Farmers’ ability to purchase fertiliser from outside the State is an “enormous black hole” in the Department of Agriculture’s current plans for a fertiliser register, the Irish Co-operative Organisation Society (ICOS) has warned.

Speaking at the Oireachtas Agriculture Committee this week, ICOS livestock and environmental services executive Ray Doyle acknowledged that the planned register will be a “key measure” in delivering substantial reduction in the use of chemical nitrogen and will create a “significant switch to using protected urea”.

He said ICOS recognises that it will “support farmers in making the right decisions in respect of our environmental commitments”.

However, in order for the register to be viable, he said there needs to be a seamless system, which will capture all the use of fertiliser within the State.


Highlighting the implications of cross-border fertiliser trading, Doyle told TDs and senators: “It would be extraordinarily naive to assume, given examples from other products such as silage plastic and smoky coal, that similar loopholes will not be taken advantage of in this scenario.

“We acknowledge the efforts of the Department to seek an all-island approach and we appreciate the sensitivities at play. However, the lack of any clear timelines for a solution is very worrying.”

Last week, the Department confirmed to the Irish Farmers Journal that farmers who buy fertiliser in Northern Ireland for use on farms in the south will have to apply to join two separate registers and that together, these will make up the national fertiliser database.

‘Fit for purpose’

Doyle highlighted ICOS’s work with “stakeholders in the fertiliser supply chain” and the Department to "support the development of a fit-for-purpose register”.

“It is vital that the current IT systems in each co-op will work seamlessly with the Department’s new register to ensure there is no unnecessary bureaucracy or inefficiency at co-op level when it comes to selling fertiliser.

ICOS says it recognises the fertiliser register as a "key measure" in delivering a substantial reduction in the use of chemical nitrogen. \ Donal O' Leary

“There needs to be a significant communications campaign to inform farmers of what will be needed to ensure compliance with the new register, including the recording of closing and opening stocks for each year. Farmers who are not proficient in IT skills will need support in this regard,” he said.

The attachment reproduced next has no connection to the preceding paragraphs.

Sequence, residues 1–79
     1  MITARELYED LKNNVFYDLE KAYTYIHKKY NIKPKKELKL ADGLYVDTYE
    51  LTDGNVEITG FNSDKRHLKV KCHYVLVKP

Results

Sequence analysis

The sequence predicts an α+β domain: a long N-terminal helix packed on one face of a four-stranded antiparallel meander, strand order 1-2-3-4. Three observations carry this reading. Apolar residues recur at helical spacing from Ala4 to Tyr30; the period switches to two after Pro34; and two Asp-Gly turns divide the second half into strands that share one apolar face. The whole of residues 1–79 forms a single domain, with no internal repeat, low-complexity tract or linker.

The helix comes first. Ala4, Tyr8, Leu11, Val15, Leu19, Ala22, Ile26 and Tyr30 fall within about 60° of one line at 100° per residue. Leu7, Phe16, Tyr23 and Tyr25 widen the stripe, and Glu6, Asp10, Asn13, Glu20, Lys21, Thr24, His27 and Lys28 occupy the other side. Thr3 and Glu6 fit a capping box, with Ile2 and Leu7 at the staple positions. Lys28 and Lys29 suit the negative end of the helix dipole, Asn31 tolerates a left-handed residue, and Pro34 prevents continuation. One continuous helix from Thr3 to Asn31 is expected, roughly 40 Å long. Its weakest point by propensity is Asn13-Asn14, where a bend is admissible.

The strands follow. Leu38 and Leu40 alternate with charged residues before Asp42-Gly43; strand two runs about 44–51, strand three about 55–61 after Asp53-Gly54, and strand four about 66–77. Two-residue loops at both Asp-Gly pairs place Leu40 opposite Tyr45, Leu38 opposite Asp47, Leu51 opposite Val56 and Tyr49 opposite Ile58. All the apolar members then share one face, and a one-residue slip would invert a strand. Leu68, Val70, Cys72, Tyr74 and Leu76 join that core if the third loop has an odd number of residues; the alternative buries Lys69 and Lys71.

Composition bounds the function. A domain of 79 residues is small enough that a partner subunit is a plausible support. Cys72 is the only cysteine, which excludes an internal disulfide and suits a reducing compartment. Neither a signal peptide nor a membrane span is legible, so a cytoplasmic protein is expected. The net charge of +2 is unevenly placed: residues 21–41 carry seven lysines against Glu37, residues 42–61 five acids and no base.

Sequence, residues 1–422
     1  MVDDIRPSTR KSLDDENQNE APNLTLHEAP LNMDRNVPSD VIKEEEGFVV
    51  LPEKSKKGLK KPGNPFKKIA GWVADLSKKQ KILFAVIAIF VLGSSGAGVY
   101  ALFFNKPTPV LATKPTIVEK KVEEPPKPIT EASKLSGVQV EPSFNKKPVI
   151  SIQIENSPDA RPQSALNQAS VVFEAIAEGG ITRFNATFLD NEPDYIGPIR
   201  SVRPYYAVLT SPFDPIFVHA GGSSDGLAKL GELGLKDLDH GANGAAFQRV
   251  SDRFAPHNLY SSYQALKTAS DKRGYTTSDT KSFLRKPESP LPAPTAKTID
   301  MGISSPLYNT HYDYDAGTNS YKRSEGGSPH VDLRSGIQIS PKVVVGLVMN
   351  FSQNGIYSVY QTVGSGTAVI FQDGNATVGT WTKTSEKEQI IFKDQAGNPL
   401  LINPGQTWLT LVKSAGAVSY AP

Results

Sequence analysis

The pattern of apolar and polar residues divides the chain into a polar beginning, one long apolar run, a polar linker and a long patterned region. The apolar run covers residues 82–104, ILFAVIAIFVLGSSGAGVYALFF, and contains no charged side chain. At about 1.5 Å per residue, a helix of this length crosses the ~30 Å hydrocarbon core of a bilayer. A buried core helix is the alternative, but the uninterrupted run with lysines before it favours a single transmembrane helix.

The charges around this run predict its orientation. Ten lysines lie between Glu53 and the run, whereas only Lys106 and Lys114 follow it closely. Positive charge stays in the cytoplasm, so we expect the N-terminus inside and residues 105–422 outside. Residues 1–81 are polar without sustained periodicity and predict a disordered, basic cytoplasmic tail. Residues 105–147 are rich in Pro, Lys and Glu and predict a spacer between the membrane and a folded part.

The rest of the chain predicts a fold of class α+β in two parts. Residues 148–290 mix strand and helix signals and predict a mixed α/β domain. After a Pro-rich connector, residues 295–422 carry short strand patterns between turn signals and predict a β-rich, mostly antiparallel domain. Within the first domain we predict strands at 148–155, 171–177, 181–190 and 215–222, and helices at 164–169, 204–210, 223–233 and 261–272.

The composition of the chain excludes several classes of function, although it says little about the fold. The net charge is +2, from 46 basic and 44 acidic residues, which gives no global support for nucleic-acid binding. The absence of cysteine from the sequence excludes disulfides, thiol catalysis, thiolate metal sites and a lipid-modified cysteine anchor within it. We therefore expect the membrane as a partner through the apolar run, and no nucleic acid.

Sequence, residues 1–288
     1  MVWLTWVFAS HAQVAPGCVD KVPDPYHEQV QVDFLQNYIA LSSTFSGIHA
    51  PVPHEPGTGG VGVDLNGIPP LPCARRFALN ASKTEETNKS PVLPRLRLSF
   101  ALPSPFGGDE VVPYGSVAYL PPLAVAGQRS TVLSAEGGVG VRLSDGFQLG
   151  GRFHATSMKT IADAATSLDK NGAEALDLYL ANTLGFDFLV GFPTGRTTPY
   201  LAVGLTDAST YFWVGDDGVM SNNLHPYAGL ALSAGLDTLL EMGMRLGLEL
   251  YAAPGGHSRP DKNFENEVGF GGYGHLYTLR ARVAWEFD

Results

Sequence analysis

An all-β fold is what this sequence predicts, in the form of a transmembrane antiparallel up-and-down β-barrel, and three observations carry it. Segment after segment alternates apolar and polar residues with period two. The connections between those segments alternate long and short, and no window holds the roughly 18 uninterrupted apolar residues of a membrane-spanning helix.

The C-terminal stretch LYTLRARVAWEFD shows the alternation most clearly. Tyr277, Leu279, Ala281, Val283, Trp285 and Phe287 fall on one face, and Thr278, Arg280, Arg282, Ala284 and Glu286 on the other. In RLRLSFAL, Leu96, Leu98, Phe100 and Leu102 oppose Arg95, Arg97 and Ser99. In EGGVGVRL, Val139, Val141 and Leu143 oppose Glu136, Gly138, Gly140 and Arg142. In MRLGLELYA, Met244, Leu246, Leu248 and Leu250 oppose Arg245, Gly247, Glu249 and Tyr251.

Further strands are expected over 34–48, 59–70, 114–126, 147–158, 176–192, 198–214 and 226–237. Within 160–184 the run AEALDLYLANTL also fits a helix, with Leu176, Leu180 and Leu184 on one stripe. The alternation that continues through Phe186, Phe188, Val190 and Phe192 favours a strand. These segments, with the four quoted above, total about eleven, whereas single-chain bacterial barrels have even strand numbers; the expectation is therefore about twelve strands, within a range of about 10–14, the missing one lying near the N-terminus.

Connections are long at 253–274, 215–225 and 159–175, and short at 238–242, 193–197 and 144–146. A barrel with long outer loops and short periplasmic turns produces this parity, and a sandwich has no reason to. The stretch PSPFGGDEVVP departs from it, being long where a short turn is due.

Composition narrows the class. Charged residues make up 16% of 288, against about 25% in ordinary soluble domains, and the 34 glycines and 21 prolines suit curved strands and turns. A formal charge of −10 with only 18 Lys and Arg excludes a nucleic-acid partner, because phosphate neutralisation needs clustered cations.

Also speaking in Leinster House this week, Teagasc director of research Dr Pat Dillon submitted a record of Teagasc’s concerns about the plans for a fertiliser register to the agriculture committee.

While noting that the “establishment of the fertiliser register has the potential to lead to a reduction in the level of chemical fertiliser used”, Dr Dillon said it will have a “very significant impact on the workload of advisers”.

He said the “interaction with the register is likely to be entirely by electronic means and a significant number of farmers rely on advisers to complete electronic tasks”.

“This task will be in addition to the completion of 2022 fertiliser records. There is capacity for efficiencies in subsequent years from the register, but this will require two prerequisites.

“Firstly, the design of the fertiliser register should focus on moving as quickly as possible to a real-time system, which provides advisers and farmers with support for ongoing decisions on fertiliser use.

“Secondly, every effort should be made to simplify the process of farmer integration with the system, with the Department taking a lead in providing training and support for farmers in the use of this and other aspects of the agfood system,” the Teagasc statement read.